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Lowering of blood pressure and predictors of response in patients with left ventricular hypertrophy: the LIFE study. Losartan Intervention For Endpoint.

Author(s): Kjeldsen SE, Dahlof B, Devereux RB, Julius S, de Faire U, Fyhrquist F, Ibsen H, Kristianson K, Lindholm LH, Lindholm LH, Nieminen MS, Omvik P, Oparil S, Wedel H

Affiliation(s): Ullevaal University Hospital, Oslo, Norway.

Publication date & source: 2000-08, Am J Hypertens., 13(8):899-906.

Publication type: Clinical Trial; Multicenter Study; Randomized Controlled Trial

The Losartan Intervention For Endpoint (LIFE) reduction in hypertension study is a double-blind, prospective, parallel-group study comparing the effects of losartan with those of atenolol on the reduction of cardiovascular complications in patients (n = 9,194) with essential hypertension and with electrocardiographically (ECG) documented left ventricular hypertrophy (LVH). Baseline blood pressure was 174.4/97.8 mm Hg (mean), age 66.9 years, body mass index 28.0 kg/m2; 54.1% were women and 12.5% had diabetes mellitus. This population will be treated until at least 1,040 have a primary endpoint. After five scheduled visits and 12 months of follow-up, blood pressure decreased by 23.9/12.8 mm Hg to 150.5/85.1 mm Hg (target < 140/90 mm Hg). The mandatory titration level of < or = 160/95 mm Hg was reached by 72.1% of the patients. At the 12-month visit, 22.7% of all patients were taking blinded study drug alone, 44.3% were taking blinded drug plus hydrochlorothiazide (HCTZ), and 17.7% were taking blinded drugs plus HCTZ and additional drugs. Controlling for all other variables, patients in the US received more medication and had 2.4 times the odds of achieving blood pressure control than patients in the rest of the study (P < .001). Previously untreated patients (n = 2,530) had a larger initial decrease in blood pressure compared with those previously treated. Diabetics (n = 1,148) needed more medication than nondiabetics to gain blood pressure control. Only 13.9% of the patients had discontinued blinded study drug and 1.4% missed the revisit at 12 months. These data demonstrate both the successful lowering of blood pressure during 12 months of follow-up in a large cohort of patients with hypertension and LVH on ECG, but also emphasize the need for two or more drugs to control high blood pressure in most of these patients. Being previously treated and having diabetes were associated with less blood pressure response, whereas living in the US indicated better blood pressure control. It has been possible to keep most of these patients with complicated hypertension taking blinded study drug for 12 months.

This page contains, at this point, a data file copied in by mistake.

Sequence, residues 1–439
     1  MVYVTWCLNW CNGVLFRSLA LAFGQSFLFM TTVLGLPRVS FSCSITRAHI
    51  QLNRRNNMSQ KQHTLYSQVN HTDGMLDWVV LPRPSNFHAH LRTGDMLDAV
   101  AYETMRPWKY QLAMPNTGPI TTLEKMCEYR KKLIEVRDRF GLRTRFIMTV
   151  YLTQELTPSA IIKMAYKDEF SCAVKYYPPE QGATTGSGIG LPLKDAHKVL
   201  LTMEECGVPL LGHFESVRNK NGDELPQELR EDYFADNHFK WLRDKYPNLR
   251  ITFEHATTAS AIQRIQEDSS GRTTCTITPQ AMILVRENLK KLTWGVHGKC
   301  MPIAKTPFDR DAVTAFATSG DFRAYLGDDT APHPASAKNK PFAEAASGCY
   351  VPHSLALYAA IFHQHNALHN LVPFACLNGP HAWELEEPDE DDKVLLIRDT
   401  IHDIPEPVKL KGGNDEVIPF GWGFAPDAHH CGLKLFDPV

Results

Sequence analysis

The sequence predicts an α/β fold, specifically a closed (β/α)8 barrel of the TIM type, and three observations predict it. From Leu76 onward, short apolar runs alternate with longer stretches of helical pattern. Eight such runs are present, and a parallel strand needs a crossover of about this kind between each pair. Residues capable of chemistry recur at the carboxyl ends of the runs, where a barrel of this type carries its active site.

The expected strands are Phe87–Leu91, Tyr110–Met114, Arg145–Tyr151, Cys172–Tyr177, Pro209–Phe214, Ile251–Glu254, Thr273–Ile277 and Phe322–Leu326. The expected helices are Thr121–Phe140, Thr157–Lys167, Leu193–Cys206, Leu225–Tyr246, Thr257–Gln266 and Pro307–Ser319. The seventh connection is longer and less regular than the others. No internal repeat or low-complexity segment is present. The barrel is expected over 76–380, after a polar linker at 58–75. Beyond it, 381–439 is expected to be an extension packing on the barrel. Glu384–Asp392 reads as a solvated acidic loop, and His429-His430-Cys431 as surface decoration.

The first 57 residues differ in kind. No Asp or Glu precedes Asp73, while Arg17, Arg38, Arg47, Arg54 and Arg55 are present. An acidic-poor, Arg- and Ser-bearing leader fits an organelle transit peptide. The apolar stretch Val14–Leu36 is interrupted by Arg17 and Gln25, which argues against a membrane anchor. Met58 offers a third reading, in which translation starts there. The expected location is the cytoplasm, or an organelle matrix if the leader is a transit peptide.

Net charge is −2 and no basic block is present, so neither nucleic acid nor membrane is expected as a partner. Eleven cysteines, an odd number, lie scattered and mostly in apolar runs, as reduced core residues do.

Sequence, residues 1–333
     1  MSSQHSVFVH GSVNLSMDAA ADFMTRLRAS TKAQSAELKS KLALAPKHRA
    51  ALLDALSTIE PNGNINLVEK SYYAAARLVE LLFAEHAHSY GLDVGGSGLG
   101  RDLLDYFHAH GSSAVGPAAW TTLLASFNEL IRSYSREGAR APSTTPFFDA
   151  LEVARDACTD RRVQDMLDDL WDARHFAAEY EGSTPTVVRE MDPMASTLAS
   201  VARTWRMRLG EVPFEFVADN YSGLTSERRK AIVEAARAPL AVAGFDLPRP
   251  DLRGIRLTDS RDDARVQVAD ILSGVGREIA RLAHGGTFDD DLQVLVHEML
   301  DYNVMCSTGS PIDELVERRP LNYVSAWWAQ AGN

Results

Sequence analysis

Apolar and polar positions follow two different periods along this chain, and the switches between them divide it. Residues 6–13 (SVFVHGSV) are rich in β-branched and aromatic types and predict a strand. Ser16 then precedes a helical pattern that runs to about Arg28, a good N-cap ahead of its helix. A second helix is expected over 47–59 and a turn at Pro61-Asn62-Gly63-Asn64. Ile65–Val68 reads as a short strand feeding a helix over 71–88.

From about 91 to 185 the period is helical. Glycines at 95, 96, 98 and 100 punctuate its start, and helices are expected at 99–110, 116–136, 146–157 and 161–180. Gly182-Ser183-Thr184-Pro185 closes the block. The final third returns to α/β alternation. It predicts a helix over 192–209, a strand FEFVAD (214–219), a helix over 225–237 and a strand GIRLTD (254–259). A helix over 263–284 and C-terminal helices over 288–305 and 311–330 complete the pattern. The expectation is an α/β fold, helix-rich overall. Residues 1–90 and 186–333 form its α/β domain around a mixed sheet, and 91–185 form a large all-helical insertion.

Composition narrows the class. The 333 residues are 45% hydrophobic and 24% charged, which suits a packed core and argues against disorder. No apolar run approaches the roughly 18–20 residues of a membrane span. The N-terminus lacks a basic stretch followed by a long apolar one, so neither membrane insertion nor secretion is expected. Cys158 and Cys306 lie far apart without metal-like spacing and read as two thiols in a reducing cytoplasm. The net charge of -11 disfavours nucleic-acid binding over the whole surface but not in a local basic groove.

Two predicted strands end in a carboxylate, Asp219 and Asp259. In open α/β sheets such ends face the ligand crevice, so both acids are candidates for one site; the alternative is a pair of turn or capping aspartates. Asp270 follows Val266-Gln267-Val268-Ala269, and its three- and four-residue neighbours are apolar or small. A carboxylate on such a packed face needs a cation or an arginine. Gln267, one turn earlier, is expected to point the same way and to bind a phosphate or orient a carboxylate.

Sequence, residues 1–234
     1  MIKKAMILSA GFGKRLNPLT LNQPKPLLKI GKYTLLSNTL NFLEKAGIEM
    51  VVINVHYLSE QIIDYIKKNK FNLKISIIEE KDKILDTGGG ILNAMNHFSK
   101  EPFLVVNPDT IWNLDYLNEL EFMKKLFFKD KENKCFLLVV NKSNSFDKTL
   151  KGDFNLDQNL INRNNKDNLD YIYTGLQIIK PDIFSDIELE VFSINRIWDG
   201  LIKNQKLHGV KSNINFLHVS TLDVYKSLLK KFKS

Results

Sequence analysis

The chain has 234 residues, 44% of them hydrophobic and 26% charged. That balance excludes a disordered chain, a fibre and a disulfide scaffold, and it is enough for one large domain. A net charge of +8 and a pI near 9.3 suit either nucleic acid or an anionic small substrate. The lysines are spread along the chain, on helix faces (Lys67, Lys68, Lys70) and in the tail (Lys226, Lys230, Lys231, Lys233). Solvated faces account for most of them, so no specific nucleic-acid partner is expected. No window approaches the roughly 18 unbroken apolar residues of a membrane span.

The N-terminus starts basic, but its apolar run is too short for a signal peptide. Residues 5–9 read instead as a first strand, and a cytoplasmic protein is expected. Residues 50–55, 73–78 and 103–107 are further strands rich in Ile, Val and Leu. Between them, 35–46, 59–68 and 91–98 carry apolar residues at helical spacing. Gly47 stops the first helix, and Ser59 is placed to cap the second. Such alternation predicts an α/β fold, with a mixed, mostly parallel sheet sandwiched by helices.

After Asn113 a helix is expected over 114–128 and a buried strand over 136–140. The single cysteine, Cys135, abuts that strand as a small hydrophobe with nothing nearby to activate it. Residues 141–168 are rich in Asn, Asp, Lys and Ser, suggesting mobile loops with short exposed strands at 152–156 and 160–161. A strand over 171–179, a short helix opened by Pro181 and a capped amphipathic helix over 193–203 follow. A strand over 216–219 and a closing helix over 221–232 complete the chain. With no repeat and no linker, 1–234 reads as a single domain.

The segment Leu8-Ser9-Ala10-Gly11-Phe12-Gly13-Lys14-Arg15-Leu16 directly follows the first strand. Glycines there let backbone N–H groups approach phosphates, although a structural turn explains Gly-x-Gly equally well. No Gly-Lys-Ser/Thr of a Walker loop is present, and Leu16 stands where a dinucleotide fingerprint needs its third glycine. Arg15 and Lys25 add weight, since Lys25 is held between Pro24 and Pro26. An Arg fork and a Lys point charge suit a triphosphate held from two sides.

Page last updated: 2006-01-31

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